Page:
Then, you want to end up with action steps. One template we use is a form that people fill out and share so others have a kind of roadmap to understand them. People have different work styles and interests. Sharing that kind of information rarely happens if it’s not set up for them.
Finally, it shouldn’t be a one-shot thing. There should be quarterly, shorter sessions to continue the conversations.
What is the HR leader’s role in overcoming the generational divide?
HR leaders have to think about doing this training in a different way. They have to work hard on creating a nonthreatening environment for the conversations. They have to convince the people they report to that this is an important issue and it’s not a separate issue from [other diversity conversations]. Age is universal, which is one of the reasons I think it doesn’t get a lot of attention. Also, age discrimination is hard to prove, so the high cost is not so obvious.
Why do you think age differences haven’t been a big topic in diversity discussions before this, along with gender, race, LGBTQ and other issues?
It’s one of those things that is under the surface. Generational differences are greater than they used to be because change is happening so fast. Systems, processes and structures of organizations used to be pretty much sustained from decade to decade and from century to century. When baby boomers came into the workplace, that was the first time anyone paid attention to one group as a generation. They pretty much accepted the hierarchy and processes and then decided [over time] that they were going to change them from the inside. For example, in the professional-services area, they knew that if you could control the clients, they were going to be the ones who have a bigger say than the people who were just doing good work.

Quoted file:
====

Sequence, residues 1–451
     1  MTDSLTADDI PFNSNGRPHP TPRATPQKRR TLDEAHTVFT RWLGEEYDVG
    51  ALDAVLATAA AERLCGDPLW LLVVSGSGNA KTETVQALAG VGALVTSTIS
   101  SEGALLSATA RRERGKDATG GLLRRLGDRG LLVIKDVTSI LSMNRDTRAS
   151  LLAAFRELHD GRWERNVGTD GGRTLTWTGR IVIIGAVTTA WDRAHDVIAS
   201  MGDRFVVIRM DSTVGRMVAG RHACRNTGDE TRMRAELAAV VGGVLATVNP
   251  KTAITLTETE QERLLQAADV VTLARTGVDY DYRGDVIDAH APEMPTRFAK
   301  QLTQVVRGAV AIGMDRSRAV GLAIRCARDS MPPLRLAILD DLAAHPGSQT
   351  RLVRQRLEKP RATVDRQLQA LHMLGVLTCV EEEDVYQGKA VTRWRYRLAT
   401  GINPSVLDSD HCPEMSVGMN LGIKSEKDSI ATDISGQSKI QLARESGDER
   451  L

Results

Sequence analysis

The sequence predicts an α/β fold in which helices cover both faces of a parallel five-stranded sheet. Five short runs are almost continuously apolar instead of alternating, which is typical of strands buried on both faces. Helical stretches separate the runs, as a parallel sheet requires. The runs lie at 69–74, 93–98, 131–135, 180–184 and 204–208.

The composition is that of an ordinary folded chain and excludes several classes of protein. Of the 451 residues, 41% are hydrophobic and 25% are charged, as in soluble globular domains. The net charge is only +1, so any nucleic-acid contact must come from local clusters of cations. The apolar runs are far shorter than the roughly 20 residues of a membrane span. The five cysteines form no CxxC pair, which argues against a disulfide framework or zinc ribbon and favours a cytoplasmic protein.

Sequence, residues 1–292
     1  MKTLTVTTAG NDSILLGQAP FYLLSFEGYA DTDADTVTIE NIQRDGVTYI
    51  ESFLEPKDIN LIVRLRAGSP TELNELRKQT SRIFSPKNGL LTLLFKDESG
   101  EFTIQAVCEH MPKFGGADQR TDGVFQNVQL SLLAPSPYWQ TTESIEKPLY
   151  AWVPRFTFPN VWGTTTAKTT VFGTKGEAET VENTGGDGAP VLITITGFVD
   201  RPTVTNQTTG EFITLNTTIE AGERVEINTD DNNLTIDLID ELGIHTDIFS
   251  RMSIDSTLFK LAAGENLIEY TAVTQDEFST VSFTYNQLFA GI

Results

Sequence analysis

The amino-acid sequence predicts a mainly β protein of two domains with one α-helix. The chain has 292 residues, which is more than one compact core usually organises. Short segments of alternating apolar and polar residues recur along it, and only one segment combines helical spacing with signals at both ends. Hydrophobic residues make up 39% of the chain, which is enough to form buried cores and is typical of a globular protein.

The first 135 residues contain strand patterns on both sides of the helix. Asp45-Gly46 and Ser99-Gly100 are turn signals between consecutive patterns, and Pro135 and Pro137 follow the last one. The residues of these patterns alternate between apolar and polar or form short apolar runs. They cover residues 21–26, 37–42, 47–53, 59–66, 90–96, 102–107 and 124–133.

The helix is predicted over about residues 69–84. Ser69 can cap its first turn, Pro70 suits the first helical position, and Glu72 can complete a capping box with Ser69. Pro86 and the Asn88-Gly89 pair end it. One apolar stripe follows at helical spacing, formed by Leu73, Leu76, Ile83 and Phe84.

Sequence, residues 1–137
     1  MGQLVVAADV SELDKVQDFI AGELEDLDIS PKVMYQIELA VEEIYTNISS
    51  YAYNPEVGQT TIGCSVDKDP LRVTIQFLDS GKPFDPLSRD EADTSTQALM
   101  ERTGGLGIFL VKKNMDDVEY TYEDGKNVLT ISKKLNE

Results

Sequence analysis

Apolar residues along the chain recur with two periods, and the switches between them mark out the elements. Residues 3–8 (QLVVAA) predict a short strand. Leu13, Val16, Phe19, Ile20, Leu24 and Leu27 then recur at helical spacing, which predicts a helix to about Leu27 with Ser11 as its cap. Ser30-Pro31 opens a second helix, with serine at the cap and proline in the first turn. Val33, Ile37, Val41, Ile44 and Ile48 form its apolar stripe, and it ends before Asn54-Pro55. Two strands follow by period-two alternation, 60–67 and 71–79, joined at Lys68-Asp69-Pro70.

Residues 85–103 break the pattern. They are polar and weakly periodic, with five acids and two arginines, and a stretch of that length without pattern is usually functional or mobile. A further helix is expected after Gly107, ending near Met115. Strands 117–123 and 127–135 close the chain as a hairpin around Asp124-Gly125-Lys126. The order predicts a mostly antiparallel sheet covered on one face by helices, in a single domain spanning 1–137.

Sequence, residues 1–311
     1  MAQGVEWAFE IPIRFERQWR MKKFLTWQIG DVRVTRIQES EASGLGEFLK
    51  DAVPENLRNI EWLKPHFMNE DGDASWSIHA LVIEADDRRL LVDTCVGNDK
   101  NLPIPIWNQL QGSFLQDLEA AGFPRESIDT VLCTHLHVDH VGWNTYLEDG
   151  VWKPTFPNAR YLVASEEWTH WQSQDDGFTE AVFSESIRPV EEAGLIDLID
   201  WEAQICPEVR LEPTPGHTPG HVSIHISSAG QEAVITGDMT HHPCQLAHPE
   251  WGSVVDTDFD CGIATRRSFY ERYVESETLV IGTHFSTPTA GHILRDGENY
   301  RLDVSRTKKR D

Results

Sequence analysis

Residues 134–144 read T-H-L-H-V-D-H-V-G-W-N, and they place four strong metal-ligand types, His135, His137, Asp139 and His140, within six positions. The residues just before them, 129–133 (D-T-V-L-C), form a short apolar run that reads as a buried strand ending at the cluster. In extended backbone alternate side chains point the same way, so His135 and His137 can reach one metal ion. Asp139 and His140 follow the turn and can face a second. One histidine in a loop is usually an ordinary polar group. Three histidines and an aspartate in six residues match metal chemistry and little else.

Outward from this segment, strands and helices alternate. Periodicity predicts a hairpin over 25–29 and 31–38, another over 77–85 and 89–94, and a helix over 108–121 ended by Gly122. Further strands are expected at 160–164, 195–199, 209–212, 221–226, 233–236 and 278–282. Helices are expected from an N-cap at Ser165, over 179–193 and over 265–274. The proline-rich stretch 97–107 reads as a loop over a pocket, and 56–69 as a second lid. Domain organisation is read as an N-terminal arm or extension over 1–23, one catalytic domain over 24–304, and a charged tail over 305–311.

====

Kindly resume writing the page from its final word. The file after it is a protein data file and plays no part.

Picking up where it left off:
Today, we are seeing a lot of younger people leaping over the older generations. To some degree, it’s certainly warranted because the [Gen Xers and millennials] are educated with skills that older people don’t have.
There’s a lot of change in our society. Each generation works differently and has different needs and yet has to change faster. Taking time to think and reflect is getting less and less because there’s so much time pressure.
What do you hope this book will achieve?
I hope it will light a fire under the decision makers. When I get a chance to talk face-to-face with decision makers, they can see how the generation [focus] is really the missing piece that ties all the issues around diversity together. Different generational attitudes influence and inform how people view and behave in all aspects of how they work together. I decided to write the book because I know that good books can do the magic sometimes of getting attention for issues that are really important.